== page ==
Regulation is one of the ancillary services for which storage is especially well-suited. Regulation involves managing interchange flows with other control areas to match closely the scheduled interchange flows and momentary variations in demand within the control area. The primary reasons for including regulation in the power system are to maintain the grid frequency and to comply with the North American Electric Reliability Council’s (NERC’s) Real Power Balancing Control Performance (BAL001) and Disturbance Control Performance (BAL002) Standards. Regulation is used to reconcile momentary differences caused by fluctuations in generation and loads. Regulation is used for damping of that difference.

Spinning, Non-Spinning, and Supplemental Reserves

Spinning Reserve (Synchronized) – Generation capacity that is online but unloaded and that can respond within 10 minutes to compensate for generation or transmission outages. ‘Frequency- responsive’ spinning reserve responds within 10 seconds to maintain system frequency. Spinning reserves are the first type used when a shortfall occurs.

Non-Spinning Reserve (Non-synchronized) – Generation capacity that may be offline or that comprises a block of curtailable and/or interruptible loads and that can be available within 10 minutes.

Supplemental Reserve – Generation that can pick up load within one hour. Its role is, essentially, a backup for spinning and non-spinning reserves. Backup supply may also be used as backup for commercial energy sales. Unlike spinning reserve capacity, supplemental reserve capacity is not synchronized with grid frequency. Supplemental reserves are used after all
spinning reserves are online. Importantly for storage, generation resources used as reserve capacity must be online and operational (i.e., at part load). Unlike generation, in almost all circumstances, storage used for reserve capacity does not discharge at all; it just has to be ready and available to discharge when needed.

Voltage Support is a requirement for electric grid operators is to maintain voltage within specified limits. In most cases, this requires management of reactance, which is caused by grid-connected equipment that generates, transmits, or uses electricity and often has or exhibits characteristics like those of inductors and capacitors in an electric circuit. To manage reactance at the grid level, system operators need voltage support resources to offset reactive effects so that the transmission system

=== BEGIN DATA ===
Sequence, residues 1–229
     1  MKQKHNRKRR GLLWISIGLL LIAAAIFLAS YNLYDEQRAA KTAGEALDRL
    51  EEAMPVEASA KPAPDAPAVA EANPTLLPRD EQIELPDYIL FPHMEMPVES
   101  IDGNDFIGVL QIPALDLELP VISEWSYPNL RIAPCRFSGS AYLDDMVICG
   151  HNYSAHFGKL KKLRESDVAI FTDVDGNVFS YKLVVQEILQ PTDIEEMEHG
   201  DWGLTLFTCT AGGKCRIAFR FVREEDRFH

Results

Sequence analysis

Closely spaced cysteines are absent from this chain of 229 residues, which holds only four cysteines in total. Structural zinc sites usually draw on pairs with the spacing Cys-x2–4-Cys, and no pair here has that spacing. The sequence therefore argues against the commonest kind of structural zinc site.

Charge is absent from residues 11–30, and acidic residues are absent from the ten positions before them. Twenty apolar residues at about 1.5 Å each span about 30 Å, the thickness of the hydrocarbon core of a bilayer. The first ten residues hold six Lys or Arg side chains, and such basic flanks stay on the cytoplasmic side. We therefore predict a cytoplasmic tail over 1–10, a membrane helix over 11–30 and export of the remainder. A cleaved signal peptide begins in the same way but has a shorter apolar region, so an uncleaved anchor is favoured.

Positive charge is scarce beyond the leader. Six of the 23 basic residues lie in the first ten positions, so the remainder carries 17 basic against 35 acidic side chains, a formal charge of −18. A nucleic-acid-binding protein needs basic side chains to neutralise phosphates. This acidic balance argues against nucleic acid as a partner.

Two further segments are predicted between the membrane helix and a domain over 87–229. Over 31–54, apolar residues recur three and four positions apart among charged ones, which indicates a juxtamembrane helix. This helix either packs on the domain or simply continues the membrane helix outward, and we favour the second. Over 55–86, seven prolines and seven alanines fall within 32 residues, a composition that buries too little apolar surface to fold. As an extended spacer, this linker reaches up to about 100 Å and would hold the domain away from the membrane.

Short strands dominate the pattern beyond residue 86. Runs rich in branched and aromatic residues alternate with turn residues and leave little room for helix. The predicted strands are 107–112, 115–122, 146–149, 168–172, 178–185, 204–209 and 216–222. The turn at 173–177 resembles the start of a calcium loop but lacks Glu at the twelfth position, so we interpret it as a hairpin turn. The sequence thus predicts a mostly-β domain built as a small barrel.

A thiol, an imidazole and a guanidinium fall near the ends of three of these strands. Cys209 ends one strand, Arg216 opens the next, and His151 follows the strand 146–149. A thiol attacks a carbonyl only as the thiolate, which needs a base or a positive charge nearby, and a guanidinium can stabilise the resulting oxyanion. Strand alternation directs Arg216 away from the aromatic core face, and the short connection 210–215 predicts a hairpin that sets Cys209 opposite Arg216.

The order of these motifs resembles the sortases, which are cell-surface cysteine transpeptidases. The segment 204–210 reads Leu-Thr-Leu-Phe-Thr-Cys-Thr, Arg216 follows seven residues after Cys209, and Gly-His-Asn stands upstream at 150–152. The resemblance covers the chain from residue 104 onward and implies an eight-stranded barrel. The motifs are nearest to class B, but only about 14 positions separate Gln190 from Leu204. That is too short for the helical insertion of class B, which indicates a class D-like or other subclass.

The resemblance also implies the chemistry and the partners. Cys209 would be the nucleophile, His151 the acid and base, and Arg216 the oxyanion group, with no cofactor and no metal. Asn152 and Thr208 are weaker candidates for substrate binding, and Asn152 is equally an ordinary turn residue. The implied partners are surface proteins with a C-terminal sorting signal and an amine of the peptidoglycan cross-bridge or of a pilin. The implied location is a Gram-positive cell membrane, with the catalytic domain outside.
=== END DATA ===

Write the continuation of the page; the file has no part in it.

can be operated in a stable manner.

Normally, designated power plants are used to generate reactive power (VAR) to offset reactance in the grid. These power plants could be displaced by strategically placed energy storage within the grid at central locations or taking the distributed approach and placing multiple VAR-support storage systems near large loads.

Black Start is a mechanism to utilize storage systems to provide active reserves of power and energy within the grid and can be used to energize transmission and distribution lines and provide station power to bring power plants on line after a catastrophic failure of the grid.  Storage can provide similar startup power to larger power plants, if the storage system is suitably sited and there is a clear transmission path to the power plant from the storage system’s location.

Other Related Uses

Load Following/Ramping Support for Renewables

Electricity storage is eminently suitable for damping the variability of wind and PV systems and is being widely used in this application. Technically, the operating requirements for a storage system in this application are the same as those needed for a storage system to respond to a rapidly or randomly fluctuating load profile. Most renewable applications with a need for storage will specify a maximum expected up- and down-ramp rate in MW/minute and the time duration of the ramp. This design guidance for the storage system is applicable for load following and renewable ramp support; this Handbook therefore treats them as the same application.